The Iliad by Homer

With divine-ease,
Aphrodite
then snatching up Paris
and shrouding him in a
thick mist
placing him inside his
sweet-smelling chamber
room.

Then, seeking out Helen
finding her atop the wall’s
towering heights
in the midst of the
Trojan women crowds.

Plucking at her dress,
shaking her fragrant robe
speaking to her in the
soothing elderly maternal
voice of the old
wool-dresser
from Lacedaemon.

In this likeness,
shining with brilliance,
she did then speak
“Come with me
come quickly
prince Paris awaits your
return lying
gailently in his bedroom
dressed in robes
most fine
smelling of the sweetest
fragrance
not like a man in the
throes of battle
but one prepared
for the gentlest dance.

And so, Helen’s heart
beat passionately
not with love
but angry
for she saw the goddess’s
beauty
her neck outstretched
and ravishing breasts
her divine but deceitful
eyes.

She knew this was not
the old woman and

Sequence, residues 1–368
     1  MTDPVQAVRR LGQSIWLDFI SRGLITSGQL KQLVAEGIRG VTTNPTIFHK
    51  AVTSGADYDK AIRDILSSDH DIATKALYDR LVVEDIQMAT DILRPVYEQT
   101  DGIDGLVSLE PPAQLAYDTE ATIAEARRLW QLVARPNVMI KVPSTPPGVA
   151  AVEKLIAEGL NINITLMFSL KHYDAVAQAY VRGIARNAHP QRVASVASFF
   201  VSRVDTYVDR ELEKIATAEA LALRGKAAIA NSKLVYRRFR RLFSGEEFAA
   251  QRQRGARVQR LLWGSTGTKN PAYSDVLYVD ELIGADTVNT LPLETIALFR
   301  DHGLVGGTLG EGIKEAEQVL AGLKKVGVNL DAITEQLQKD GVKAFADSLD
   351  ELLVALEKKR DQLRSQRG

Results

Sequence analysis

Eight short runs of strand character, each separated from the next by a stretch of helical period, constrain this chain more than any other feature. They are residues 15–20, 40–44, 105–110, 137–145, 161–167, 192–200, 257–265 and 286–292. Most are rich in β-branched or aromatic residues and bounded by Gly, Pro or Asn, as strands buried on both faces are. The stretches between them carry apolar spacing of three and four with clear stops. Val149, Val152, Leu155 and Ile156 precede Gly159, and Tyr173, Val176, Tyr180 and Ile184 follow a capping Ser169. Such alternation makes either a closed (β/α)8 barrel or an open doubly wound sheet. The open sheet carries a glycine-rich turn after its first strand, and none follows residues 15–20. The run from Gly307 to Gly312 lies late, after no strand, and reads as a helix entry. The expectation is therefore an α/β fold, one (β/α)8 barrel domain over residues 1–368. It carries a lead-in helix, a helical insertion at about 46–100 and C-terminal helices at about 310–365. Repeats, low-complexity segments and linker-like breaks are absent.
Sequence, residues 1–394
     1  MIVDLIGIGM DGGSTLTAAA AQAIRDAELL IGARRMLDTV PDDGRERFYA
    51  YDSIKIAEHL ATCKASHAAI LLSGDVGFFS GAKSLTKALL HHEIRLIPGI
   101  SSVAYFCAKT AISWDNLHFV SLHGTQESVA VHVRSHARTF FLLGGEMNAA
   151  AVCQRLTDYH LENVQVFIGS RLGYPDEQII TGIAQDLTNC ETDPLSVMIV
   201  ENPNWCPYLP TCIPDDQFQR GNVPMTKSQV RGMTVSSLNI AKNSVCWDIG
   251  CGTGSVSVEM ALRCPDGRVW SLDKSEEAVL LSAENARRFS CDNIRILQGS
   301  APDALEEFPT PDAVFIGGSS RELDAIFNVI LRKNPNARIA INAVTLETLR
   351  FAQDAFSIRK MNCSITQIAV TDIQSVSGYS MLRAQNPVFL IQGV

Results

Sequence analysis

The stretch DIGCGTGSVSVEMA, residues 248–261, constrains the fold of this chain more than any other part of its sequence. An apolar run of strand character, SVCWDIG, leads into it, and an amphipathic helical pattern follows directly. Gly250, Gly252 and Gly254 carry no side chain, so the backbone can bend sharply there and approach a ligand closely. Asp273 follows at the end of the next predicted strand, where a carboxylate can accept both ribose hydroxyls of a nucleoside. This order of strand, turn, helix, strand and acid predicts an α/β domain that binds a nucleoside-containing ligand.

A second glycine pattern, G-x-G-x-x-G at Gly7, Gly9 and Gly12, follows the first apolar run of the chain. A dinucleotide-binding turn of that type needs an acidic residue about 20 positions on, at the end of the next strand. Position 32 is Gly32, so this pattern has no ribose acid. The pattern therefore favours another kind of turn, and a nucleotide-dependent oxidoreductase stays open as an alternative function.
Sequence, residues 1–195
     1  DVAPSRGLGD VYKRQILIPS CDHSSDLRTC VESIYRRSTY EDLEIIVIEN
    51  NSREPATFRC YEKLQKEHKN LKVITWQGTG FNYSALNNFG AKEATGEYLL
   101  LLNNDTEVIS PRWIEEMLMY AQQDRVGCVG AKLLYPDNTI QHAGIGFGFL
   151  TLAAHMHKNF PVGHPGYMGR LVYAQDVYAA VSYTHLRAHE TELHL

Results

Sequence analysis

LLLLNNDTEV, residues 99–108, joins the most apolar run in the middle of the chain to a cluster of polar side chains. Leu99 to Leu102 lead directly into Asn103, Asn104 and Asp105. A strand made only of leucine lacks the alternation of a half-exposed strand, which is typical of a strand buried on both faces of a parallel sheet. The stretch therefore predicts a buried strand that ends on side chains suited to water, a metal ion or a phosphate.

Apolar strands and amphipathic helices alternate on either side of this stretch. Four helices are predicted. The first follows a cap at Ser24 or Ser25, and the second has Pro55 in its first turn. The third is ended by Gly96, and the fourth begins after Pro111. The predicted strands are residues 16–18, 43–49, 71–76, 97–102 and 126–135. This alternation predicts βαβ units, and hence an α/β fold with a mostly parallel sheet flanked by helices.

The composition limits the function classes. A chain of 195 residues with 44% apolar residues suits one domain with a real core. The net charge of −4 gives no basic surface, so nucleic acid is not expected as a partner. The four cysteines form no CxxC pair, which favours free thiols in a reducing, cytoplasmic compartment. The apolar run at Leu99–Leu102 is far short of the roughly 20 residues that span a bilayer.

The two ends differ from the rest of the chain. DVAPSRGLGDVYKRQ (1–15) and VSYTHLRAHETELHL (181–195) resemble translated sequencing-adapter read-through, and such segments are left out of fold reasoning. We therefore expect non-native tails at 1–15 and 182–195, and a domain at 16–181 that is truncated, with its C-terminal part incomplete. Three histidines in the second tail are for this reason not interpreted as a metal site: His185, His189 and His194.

so replied
“Daimonie!
Strange goddess
why do you tempt me
why do you seek
to deceive
would you not lead
me further to the cities
of Phyrgia or Maeon
if there too lay a man
you called your own?
For Menalaus has defeated
prince Paris
and so I must go
to my true home
once and for all.

Is this not the reason
for your treacherous ways?
No I will not go,
I will stay but you may
accompany him
and be his slave.
I will not disgrace
myself again in front
of the horde of Trojan women
i cannot bear to do such
a think my heart
already aching
and stinged.

“You Fool, don’t provoke Me!
cried Aphrodite
or I will bring wrath
upon you such as the
world has never
seen
enmity between Greeks
and Trojans
you will
fall at my feet
writhing in pain.

With these words,
Helen was gripped with fear
she wrapped herself
in silence
stealing away
following the Goddess
awaiting what may
come next.